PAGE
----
From: Doug Fattic <email@example.com>
To: Conor Buescher < firstname.lastname@example.org>,
Subject: Re: [Frame] Blast Media
In-Reply-To: < email@example.com>
Like Curt Goodrich, I also use aluminum oxide 80 grit. It works fine but is
probably not the very best. I've heard that garnet (spelling?) is a little
better but more expensive. Special plastic media has been developed that
has certain advantages. You can blast the frame and not hurt chrome for
example. I've never bothered to experiment with it since I have to clean my
whole system and I don't want to be bothered. But if starting out fresh, I
would certainly check that out at your local supplier.
I've mentioned this before on this list (I think) but I'm not much of an
archive checker. Since I do a lot of painting I have good equipment for
these jobs. My cabinet is 5' X 4'. This is a nice size. When I started,
my cabinet was 5' X 3' and that was too small. I also use a pressure
blaster rather than a suction blaster. It's a major piece of equipment.
Next to the blasting cabinet is a separate thing (which is bigger than my
blasting cabinet) that recycles all the media from the blast cabinet. It
sucks the media into a cyclone separator where the dust goes one way and the
good media drops through a vibrating screen into a holding tank. When the
foot valve is released, the media now drops into the pressure tank. When
the foot valve is activated, a cone plugs the hole into the holding tank and
the media is fluidized like quicksand with air pressure through a special
stone. It comes flowing out through the hose into the blast cabinet through
the right sized nozzle. The advantage of a pressure blaster is that I can
use 40 to 50 pounds of air pressure instead of 80 like a suction one
typically needs. More than that, a lot more media comes out at lower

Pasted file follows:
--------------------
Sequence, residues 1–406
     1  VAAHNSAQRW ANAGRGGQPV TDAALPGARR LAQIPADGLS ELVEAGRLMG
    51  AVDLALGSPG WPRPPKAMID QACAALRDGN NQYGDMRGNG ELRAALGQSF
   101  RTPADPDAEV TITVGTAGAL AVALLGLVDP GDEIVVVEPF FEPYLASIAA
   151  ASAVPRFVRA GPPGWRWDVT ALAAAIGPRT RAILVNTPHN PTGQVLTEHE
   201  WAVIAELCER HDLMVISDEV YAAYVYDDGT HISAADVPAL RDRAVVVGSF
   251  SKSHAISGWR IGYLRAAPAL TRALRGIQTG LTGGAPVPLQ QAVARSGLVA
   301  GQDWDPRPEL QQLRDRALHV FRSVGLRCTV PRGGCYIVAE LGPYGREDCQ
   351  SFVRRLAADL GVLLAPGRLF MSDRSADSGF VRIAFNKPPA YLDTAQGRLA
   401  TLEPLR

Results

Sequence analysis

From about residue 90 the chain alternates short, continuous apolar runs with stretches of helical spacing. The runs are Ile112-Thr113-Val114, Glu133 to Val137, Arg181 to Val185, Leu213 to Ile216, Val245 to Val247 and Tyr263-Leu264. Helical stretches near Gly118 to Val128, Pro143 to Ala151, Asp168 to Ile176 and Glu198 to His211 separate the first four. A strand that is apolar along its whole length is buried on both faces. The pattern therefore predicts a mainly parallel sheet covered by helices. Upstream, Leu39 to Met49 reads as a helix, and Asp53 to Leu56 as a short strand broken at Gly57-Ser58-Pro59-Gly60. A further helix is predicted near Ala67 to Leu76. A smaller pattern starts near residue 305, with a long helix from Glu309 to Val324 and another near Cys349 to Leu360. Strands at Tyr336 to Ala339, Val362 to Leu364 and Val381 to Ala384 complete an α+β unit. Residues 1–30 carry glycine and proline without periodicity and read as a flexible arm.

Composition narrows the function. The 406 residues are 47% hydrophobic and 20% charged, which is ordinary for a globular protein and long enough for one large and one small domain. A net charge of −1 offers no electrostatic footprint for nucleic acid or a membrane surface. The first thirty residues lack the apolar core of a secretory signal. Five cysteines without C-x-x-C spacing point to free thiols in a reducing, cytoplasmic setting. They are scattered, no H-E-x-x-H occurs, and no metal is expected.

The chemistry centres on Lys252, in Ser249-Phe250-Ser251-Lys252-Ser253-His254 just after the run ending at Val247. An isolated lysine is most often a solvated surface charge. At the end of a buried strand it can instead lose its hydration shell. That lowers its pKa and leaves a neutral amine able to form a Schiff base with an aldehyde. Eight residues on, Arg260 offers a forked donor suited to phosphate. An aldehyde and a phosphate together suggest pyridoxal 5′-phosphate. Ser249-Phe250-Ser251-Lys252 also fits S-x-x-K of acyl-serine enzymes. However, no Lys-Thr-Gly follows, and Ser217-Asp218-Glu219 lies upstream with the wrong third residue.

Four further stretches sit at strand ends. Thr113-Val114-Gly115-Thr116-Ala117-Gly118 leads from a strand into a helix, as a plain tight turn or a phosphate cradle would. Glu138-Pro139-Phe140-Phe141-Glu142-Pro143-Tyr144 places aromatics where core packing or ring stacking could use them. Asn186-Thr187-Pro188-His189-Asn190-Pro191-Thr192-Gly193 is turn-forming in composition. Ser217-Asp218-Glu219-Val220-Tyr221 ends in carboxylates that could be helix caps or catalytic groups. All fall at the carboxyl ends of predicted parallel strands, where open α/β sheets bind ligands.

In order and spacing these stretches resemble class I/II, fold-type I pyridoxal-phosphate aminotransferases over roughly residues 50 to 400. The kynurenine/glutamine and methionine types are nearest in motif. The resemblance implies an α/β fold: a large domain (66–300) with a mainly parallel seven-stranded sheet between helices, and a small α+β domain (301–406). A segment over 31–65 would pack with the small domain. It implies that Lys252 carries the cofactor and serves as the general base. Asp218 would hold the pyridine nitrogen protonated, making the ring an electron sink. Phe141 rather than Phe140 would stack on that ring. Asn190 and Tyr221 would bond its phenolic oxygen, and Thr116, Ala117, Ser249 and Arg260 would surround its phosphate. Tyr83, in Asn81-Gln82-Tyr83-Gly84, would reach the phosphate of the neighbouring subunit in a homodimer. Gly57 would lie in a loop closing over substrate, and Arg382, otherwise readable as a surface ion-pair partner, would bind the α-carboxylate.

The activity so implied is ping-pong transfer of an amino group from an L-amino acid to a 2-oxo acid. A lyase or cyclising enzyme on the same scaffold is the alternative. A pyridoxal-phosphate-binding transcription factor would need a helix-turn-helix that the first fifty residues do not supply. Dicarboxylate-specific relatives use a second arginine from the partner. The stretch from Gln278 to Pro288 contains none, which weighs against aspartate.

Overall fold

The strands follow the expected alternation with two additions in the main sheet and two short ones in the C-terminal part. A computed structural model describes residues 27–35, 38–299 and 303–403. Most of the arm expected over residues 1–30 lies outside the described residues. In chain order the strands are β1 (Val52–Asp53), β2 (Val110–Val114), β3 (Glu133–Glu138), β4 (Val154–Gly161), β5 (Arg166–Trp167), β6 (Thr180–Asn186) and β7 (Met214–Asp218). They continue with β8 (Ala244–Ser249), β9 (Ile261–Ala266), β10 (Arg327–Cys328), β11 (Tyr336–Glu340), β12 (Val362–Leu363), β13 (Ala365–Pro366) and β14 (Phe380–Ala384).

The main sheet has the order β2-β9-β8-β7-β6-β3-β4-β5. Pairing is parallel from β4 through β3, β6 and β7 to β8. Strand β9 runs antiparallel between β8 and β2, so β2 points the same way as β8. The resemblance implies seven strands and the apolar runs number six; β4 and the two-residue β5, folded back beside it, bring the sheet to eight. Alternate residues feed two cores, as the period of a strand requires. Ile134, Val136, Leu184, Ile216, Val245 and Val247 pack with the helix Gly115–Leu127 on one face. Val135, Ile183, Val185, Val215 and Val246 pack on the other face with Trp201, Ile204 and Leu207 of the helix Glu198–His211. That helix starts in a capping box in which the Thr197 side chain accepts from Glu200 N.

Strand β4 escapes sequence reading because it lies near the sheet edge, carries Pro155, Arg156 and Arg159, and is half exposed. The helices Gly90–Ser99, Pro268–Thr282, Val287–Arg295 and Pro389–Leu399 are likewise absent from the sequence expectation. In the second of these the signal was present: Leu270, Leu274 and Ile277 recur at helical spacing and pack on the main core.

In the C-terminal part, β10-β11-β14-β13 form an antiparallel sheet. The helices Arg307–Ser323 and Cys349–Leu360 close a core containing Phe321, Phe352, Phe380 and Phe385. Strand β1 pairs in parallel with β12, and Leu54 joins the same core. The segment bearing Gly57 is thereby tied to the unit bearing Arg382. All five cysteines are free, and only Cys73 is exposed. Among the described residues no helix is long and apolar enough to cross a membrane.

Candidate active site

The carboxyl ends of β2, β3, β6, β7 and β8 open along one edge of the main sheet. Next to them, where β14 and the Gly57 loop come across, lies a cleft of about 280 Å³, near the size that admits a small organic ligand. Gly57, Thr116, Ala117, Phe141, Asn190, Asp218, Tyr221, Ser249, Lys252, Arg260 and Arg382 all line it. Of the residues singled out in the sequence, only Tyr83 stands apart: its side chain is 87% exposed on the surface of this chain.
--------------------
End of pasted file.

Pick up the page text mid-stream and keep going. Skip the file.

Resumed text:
pressure and so does less damage and cleans or removes paint much faster.
A suction blaster works on the principle of a T coming off of the air hose.
This creates a suction that pulls the media from the bottom of the blasting
cabinet where it is mixed with all the crud that was heavier and didn't go
out with the dust. This system is fine but, it would be like comparing Ergo
shifters to old down tube friction shifters. Once you get used to the
advantages, you won't want to do it the old way.
Of course great quantities of air is needed to power these things. I've got
2 Quincy 5 hp two stage compressors that don't quite keep up with the air
requirements. I can't get more electricity to the shop so I'm maxed out.
The main point of this post is to check with your local sandblast supplier
to ask about plastic and other types of media but aluminum oxide works fine.
> I've been thinking about getting either a blasting cabinet or a siphon
> blaster to use in the shop and was wondering what kind of media do
> people like to use.
> I was thinking walnut shells, but I thought I would check with the
> more experienced users.
> Conor Buescher
> Vendetta Cycles